A green, just, and resilient recovery from the global COVID-19 pandemic depends fundamentally on scaling investment in ecosystem restoration and nature-based solutions that tackle climate change and nature loss.
And for financial institutions looking to address climate- and nature-related financial risks, food system transformation is a pressing priority.
How we produce and…
In conjunction with the launch of the One Planet City Challenge (OPCC) 2021–22, two OPCC veterans share their reflections on a decade of urban development and efforts to foster the creation of One Planet Cities around the globe — cities that enable all people to thrive within the ecological limits of our one and only planet.
Barbara Evaeus and Carina Borgström-Hansson from WWF Sweden gave birth to the One Planet City Challenge (OPCC) just over 10 years ago. Both are still involved in WWF’s efforts to harness the power of local governments and their citizens in the global transition toward…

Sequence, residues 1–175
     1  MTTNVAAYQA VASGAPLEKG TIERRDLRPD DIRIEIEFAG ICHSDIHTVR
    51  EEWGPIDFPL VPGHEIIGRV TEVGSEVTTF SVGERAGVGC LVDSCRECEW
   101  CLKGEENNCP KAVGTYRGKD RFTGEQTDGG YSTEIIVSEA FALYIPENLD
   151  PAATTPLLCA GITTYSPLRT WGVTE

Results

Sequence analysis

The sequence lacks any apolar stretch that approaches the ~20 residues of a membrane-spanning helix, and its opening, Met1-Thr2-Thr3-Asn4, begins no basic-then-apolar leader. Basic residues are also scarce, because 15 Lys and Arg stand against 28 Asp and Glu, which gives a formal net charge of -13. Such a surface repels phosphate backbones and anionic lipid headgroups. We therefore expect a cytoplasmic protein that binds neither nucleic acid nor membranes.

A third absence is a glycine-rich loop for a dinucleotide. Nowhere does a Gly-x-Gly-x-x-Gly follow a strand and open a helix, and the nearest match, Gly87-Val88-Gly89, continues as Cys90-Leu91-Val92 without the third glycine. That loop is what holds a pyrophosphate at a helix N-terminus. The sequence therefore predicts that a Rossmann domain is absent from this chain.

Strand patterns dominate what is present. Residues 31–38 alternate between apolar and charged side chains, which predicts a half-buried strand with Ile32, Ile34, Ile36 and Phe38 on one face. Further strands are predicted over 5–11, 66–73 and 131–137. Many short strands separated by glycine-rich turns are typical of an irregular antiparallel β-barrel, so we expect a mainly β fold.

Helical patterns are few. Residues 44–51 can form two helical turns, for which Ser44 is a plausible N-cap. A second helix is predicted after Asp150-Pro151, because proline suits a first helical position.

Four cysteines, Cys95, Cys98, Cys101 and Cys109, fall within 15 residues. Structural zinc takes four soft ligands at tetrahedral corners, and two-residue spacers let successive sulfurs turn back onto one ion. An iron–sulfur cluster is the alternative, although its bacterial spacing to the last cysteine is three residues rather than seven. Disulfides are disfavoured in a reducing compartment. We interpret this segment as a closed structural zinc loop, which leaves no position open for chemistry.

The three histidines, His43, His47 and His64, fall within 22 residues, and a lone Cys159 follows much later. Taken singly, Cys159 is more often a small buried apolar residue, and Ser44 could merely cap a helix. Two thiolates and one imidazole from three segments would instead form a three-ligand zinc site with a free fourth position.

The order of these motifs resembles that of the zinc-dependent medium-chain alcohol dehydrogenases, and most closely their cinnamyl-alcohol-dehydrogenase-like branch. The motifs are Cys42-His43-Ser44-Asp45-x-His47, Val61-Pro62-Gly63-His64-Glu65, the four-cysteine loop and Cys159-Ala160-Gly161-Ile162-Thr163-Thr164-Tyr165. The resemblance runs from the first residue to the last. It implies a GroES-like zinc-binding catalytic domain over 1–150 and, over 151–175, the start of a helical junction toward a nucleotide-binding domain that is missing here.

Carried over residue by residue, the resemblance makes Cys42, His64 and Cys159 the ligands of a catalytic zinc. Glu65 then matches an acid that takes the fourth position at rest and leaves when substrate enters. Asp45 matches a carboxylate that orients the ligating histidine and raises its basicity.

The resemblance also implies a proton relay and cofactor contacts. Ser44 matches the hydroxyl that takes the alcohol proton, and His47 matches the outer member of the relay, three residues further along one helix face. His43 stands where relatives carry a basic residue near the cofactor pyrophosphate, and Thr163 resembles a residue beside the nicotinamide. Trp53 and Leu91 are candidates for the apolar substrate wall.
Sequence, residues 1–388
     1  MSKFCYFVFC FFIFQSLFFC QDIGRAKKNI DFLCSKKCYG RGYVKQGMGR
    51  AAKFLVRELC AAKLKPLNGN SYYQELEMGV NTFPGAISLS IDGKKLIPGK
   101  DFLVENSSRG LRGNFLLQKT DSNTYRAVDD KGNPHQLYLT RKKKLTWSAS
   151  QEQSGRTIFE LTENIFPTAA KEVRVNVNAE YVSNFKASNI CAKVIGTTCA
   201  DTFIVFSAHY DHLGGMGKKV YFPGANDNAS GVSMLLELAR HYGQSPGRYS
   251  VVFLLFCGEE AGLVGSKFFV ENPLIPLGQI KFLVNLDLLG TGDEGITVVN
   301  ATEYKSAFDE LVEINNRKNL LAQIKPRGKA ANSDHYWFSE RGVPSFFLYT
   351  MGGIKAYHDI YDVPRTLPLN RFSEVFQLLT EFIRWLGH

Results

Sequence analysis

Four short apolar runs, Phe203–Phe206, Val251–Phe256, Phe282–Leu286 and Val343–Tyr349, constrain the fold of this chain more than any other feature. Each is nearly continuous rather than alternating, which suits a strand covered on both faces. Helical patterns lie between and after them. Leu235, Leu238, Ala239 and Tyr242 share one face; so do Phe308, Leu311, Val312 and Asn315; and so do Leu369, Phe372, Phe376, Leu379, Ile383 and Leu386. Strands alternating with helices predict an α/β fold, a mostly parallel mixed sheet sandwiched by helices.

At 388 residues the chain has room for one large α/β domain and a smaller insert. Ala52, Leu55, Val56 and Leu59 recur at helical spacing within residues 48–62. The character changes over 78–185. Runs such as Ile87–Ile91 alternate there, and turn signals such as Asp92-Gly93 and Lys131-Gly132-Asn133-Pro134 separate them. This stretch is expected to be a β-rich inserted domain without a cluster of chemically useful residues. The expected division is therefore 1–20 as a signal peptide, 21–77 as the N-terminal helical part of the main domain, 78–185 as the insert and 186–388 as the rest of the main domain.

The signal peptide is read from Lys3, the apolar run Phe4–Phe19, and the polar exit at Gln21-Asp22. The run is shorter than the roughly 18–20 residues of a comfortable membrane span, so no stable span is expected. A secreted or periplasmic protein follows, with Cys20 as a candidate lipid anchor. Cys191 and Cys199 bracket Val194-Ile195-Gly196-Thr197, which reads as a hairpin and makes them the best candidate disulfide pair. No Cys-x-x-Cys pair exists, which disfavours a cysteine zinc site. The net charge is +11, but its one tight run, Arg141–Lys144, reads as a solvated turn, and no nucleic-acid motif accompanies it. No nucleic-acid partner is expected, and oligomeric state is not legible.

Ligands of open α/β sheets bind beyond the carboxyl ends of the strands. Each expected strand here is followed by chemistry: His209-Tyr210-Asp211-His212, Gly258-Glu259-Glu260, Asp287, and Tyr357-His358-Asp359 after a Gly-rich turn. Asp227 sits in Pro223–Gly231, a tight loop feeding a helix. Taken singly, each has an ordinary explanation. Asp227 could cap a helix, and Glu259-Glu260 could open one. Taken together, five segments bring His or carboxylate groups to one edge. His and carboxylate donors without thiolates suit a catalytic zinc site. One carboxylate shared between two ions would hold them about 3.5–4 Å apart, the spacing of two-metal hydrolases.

The ocean’s health is faltering. The damage has escalated in recent decades, and continues to accelerate. For World Ocean Day, one of the most important things we can do to protect and restore our ocean is urgently tackle climate change.
By John Tanzer, WWF Global Ocean Lead
From melting sea ice to coral reefs dying in overheating waters, the devastating consequences of climate change are already playing out in marine ecosystems and coastal communities all over the world. At the same time, our ocean and coastal habitats hold vast potential to help us mitigate and adapt to climate change. …
Carol Phua, WWF, takes a hard look at why we need to get smarter about conservation to create real impact for nature & people in a climate-changed future.
Conservationists are often optimists by nature. Whatever brought us to this work, we’re here because we believe we can bring about positive change to our world — a world where nature is valued, people are sustained by its bounty, and justice prevails, both socially and environmentally.